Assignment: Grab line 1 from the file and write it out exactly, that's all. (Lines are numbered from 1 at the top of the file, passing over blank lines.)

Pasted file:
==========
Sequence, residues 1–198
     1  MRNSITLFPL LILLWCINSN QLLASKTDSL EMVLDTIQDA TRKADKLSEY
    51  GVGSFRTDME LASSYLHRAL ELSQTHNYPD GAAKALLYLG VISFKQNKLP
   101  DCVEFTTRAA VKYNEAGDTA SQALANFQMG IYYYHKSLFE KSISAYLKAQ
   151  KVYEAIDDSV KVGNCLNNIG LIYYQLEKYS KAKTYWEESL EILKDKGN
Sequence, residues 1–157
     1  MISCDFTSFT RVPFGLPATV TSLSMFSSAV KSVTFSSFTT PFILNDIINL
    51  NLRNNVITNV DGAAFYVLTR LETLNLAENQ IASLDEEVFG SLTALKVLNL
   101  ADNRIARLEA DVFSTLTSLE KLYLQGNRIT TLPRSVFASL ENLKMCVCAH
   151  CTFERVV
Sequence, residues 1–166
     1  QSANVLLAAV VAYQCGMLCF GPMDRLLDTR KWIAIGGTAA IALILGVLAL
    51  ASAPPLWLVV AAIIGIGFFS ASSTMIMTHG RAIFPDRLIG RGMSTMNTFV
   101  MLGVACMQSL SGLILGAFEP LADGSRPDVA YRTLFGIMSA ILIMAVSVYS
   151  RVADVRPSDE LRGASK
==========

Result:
Sequence, residues 1–198